Friday, September 15, 2006

Charles Bass on Iraq

As the Yankee Doodler has noted, Bass appears to be flip-flopping on Iraq coming up to the election:
July 16, 2006:
"the military commander will set the policy and the withdrawal time. For Congress and politicians to try back-seat driving is not a smart thing."
September 12, 2006:
Bass restated his support for President Bush, but said: "We need to be prepared to change our game plan if the situation on the ground changes. I think we will see significant troop reductions in the next couple years ... but it has to be a strategic redeployment, not a political one."
Once again we see Bass, who has spent most of his adult life as a politician, arguing against the dirty nasty game of politics. It's nice that he's so, so above it all, and wouldn't it be cynical of us to think that the kind of turnaround Yankee Doodler shows him doing in 2 months time had anything to do with politics?

Interestingly, where Bass's old website (you know, the one that had him running for a sixth term back in early July - three quarters of the way through his sixth term) didn't really talk about Iraq, the new site includes Iraq in the Charlie on the Issues section (ain't that just folksy). It's not political or anything, just that a war doesn't merit its own issues page until it's at least 3 years old, and back in 2004 it was only a matter of a year and a half.

Anyway, good news!
Notably, this year, Iraqi forces have taken the lead in the majority of combat operations. With over 150,000 troops on patrol, they are well on their way to being able to sustain themselves without our support.
Totally cool! Except, wait, there seem to be some conflicting reports. The Washington Post reports that within the government itself, there's a little disagreement:
Until now, the U.S. military view of Iraq has tended to be more optimistic than that of much of the rest of the government, such as the CIA and the State Department.
And the reports we are getting, no matter how optimistic government spokesment try to be, suggest that the picture is not as rosy as Charlie wants us to believe. Again according to the Washington Post
A senior American commander in Iraq said Tuesday that U.S.-led military operations are "stifling" the insurgency in western Anbar province but are not strong enough to defeat it.
According to the same article
As of Monday there were 147,000 U.S. troops in Iraq, the highest number since December 2005. Most of the recent increase was for Baghdad, where U.S. and Iraqi forces are trying to avert a civil war.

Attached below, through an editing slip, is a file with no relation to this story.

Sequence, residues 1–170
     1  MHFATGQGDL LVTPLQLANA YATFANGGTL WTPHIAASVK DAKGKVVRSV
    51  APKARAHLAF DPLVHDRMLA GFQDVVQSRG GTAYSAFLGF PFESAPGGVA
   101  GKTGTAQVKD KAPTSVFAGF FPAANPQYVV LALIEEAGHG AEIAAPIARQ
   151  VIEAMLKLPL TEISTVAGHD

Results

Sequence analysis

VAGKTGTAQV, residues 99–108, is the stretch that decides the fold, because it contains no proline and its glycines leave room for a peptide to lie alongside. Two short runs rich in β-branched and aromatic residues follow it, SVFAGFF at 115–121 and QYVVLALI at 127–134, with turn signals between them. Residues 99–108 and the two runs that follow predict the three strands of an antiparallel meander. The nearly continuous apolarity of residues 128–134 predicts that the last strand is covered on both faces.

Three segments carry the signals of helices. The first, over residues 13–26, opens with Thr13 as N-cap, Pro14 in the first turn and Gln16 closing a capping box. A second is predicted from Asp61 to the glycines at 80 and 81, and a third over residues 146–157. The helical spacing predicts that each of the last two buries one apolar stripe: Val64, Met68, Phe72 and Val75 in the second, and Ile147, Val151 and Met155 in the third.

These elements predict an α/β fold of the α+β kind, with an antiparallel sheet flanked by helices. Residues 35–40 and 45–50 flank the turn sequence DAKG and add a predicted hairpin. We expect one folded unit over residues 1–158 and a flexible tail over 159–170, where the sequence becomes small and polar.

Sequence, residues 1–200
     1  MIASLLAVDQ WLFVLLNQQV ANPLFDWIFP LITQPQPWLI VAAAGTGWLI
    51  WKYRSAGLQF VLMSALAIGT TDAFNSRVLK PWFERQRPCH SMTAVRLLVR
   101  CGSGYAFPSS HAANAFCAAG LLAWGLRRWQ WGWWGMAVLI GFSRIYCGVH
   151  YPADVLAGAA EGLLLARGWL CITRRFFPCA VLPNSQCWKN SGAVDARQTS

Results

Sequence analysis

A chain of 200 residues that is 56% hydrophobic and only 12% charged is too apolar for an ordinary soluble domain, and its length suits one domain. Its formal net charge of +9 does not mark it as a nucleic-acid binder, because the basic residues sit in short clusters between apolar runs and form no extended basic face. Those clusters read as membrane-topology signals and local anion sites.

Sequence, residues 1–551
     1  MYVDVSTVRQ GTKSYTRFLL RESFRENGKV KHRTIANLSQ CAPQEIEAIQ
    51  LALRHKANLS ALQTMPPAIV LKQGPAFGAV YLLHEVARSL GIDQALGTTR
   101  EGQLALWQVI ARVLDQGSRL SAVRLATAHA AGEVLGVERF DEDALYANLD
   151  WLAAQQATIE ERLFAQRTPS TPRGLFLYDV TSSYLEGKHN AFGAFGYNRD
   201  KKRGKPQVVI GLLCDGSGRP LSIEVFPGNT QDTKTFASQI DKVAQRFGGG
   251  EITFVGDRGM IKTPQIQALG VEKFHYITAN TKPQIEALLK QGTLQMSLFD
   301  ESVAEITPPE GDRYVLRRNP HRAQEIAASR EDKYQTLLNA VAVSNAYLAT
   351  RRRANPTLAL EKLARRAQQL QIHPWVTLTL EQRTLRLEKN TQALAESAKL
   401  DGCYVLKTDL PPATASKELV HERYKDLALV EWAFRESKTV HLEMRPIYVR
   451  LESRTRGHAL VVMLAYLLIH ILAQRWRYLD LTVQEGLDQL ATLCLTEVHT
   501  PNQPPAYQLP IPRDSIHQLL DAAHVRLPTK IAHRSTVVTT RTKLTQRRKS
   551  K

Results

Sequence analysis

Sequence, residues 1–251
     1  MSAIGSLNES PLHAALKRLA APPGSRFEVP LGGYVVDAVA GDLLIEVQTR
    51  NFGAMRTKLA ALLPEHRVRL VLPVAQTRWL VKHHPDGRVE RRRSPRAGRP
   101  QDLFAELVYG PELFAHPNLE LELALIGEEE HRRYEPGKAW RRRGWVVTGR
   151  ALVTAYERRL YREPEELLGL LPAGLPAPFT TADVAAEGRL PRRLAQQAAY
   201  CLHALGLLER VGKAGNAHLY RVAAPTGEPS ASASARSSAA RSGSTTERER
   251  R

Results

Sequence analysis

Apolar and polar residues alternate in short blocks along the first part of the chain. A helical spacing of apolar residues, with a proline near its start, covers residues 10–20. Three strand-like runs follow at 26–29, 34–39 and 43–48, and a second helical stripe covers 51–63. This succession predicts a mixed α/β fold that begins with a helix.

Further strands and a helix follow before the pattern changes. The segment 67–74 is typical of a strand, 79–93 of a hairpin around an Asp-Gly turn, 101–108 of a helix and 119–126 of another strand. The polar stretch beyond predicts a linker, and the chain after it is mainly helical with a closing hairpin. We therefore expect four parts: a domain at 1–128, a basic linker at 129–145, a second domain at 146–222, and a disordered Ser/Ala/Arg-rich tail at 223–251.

The New York Times reported Tuesday that the Devlin report concluded that Anbar's political and security situation will continue to deteriorate unless it gets a major infusion of aid and substantially more U.S. troops.
Then there's Gen. John Abizaid's statement, reported September 7 in the Tampa Tribune:
The top U.S. military commander in the Middle East said Wednesday it could take "many more months" to end the sectarian violence in Baghdad and "a matter of years" to train the Iraqi army properly.
Somehow, that makes the replacement of American troops with a functioning Iraqi army seem a little less imminent than Charlie's issues statement, doesn't it?

William Kristol of The Weekly Standard and Rich Lowry of National Review, no liberal peaceniks, argue that
The administration's military strategy has long been based on getting the Iraqis to do the "holding" in the counterinsurgency strategy of "clear, hold and build." That would obviously be ideal. But the experience of the past three years is that the Iraqis aren't yet up to it, at least not in hotly contested areas such as Baghdad. The administration deserves credit for the strides it has made in training the Iraqi army. But for now we have to do much of the holding ourselves for it to be effective. That simply requires more manpower.
They continue
One reason to prefer having Iraqis hold secured areas is that indigenous forces, in theory, don't risk creating the kind of nationalist reaction that can be prompted by a foreign occupying army -- i.e., us. But in the current environment of sectarian bloodletting, all signs are that American troops are more trusted and more welcome than Iraqis.
When the pro-war conservatives who are not up for re-election are saying that the US needs to send more troops over to Iraq, and the pro-war conservatives who are up for re-election are saying that everything's peachy and Iraqi troops will be taking over any day now and this isn't at all political, it's just the right thing to do, who do you believe?


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